Now that Demetrius was removed, the allies Pyrrhus and Lysimachus started to quarrel (285). At the same time, Ptolemy retired and gave the throne to Ptolemy Philadelphus. His older son, Ptolemy Keraunos, fled to Seleucus, who promised to restore him. Within a few months after the capture of Demetrius, the alliance that had been organized against him, had disappeared, and a new round of wars seemed inevitable.

The Hellenistic world in c.283 BCE

The first to strike was Lysimachus, who was frustrated by Pyrrhus attacks on Thessaly. He did not offer battle, but bought Pyrrhus' commanders, made diplomatic overtures, and in the summer, the king of Epirus had to return to his home land. Southern Macedonia and Thessaly were now part of Lysimachus' empire, which stretched from Thermopylae to the Danube and from the Ionian Sea to the river Halys in central Turkey.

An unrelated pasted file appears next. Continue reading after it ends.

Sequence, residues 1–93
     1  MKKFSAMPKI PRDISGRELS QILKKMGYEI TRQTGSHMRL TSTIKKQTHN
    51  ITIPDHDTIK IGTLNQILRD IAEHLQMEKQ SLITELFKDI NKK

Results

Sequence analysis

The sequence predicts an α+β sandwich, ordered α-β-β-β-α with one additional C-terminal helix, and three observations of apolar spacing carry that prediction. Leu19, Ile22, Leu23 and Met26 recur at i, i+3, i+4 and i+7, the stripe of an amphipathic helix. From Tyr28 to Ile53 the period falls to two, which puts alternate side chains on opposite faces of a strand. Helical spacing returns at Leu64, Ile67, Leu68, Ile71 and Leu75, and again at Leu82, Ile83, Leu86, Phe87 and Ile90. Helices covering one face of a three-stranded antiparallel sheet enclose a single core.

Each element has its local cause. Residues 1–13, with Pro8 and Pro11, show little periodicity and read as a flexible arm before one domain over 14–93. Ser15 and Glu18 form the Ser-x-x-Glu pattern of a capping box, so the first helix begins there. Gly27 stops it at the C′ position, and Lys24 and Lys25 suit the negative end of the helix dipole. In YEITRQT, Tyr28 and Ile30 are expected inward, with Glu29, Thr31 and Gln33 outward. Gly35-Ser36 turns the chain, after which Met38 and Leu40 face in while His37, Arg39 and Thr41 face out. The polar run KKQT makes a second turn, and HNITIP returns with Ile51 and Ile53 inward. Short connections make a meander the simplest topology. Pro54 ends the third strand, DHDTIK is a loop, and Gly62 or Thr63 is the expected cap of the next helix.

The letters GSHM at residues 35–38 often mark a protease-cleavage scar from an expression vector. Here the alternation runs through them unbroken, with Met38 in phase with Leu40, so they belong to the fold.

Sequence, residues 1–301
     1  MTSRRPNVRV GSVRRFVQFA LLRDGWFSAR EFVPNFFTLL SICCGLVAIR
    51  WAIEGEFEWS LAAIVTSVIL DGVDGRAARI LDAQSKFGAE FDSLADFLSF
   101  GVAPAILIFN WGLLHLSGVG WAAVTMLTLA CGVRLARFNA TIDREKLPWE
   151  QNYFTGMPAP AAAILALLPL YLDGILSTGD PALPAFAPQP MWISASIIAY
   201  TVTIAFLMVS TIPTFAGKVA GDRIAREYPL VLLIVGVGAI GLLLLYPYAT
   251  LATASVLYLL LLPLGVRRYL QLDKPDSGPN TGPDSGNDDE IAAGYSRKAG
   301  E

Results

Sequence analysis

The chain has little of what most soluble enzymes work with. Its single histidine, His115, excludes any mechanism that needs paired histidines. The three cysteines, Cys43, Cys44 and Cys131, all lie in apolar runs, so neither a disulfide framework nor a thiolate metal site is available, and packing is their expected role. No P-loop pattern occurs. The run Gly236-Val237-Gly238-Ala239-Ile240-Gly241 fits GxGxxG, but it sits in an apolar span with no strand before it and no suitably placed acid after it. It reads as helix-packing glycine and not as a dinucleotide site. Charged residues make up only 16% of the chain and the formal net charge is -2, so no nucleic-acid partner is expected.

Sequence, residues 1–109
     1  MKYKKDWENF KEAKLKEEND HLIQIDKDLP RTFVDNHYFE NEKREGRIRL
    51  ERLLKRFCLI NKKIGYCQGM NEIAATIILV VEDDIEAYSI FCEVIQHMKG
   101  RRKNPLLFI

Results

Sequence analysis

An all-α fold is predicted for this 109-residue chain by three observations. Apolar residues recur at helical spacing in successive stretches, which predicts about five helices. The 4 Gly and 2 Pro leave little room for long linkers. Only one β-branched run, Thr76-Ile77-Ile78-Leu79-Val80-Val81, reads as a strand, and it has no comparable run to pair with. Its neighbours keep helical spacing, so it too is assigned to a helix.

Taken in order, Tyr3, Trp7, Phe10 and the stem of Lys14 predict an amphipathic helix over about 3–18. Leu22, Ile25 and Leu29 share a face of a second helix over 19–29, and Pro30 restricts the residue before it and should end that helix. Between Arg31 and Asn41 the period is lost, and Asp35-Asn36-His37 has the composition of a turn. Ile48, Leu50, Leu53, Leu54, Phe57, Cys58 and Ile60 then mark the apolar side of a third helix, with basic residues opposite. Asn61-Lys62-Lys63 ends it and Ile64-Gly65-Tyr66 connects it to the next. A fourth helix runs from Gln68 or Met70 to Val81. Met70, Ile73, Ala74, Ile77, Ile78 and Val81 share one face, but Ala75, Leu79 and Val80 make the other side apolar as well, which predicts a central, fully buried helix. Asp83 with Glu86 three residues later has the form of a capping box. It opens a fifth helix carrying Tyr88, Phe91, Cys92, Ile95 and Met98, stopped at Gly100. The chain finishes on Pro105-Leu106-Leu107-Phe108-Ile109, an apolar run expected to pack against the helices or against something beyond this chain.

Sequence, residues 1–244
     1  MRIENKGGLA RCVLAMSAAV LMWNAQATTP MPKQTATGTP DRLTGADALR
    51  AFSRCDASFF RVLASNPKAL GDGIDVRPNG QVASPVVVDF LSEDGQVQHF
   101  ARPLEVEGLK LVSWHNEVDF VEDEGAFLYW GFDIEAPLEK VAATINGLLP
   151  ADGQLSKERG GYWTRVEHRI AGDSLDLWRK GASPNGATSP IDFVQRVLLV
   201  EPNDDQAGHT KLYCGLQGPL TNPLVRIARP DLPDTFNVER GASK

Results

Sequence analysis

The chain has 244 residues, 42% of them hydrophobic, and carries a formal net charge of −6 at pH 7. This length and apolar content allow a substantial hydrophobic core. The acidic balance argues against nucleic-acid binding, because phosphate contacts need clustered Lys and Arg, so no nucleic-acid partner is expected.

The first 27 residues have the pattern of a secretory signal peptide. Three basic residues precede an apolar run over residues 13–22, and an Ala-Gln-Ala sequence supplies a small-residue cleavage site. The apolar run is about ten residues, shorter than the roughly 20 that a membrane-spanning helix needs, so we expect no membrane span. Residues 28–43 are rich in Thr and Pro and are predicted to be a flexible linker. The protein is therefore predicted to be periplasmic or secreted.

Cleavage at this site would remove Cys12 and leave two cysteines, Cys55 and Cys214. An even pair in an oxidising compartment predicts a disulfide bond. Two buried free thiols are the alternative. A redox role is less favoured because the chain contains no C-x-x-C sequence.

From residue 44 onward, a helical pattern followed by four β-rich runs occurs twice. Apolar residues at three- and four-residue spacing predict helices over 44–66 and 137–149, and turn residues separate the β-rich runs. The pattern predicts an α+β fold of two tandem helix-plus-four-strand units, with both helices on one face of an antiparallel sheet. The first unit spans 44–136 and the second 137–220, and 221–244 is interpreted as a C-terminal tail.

However, Lysimachus' empire was built on sand, although in Thrace, his rule was unchallenged. He had ruled the country since the settlement at Babylon in 323 (text), thirty-eight years ago. But the other territories were new acquisitions: the eastern provinces had been occupied 15 years ago and Macedonia, with its strong feeling of independence and great past, was a very recent addition. There were strong resentments against the Thracian king, and one small accident would enough to upset the delicate balance.

Ptolemy II

This incident happened in the first weeks of 282. It will be remembered that Lysimachus had married Nicaea, the daughter of Antipater (more). They had a son, Agathocles, Lysimachus' trusted right-hand man and the one who was appointed as successor. In 299, both men had married to daughters of Ptolemy: Lysimachus had taken Arsinoe as his wife, and Agathocles had married Lysandra. Now Arsinoe, seeing that she and her children would become subjects of her stepson and her sister, decided to blacken Agathocles' reputation, so that her own son would become king.

At least, this is what our sources say. It should however be noted that Demetrius was by now dead and that the first Ptolemy had died in January 282. It is possible that political motives also played a role, and it is likely that Agathocles was not entirely blameless. But whatever the reasons, Agathocles was killed by his father.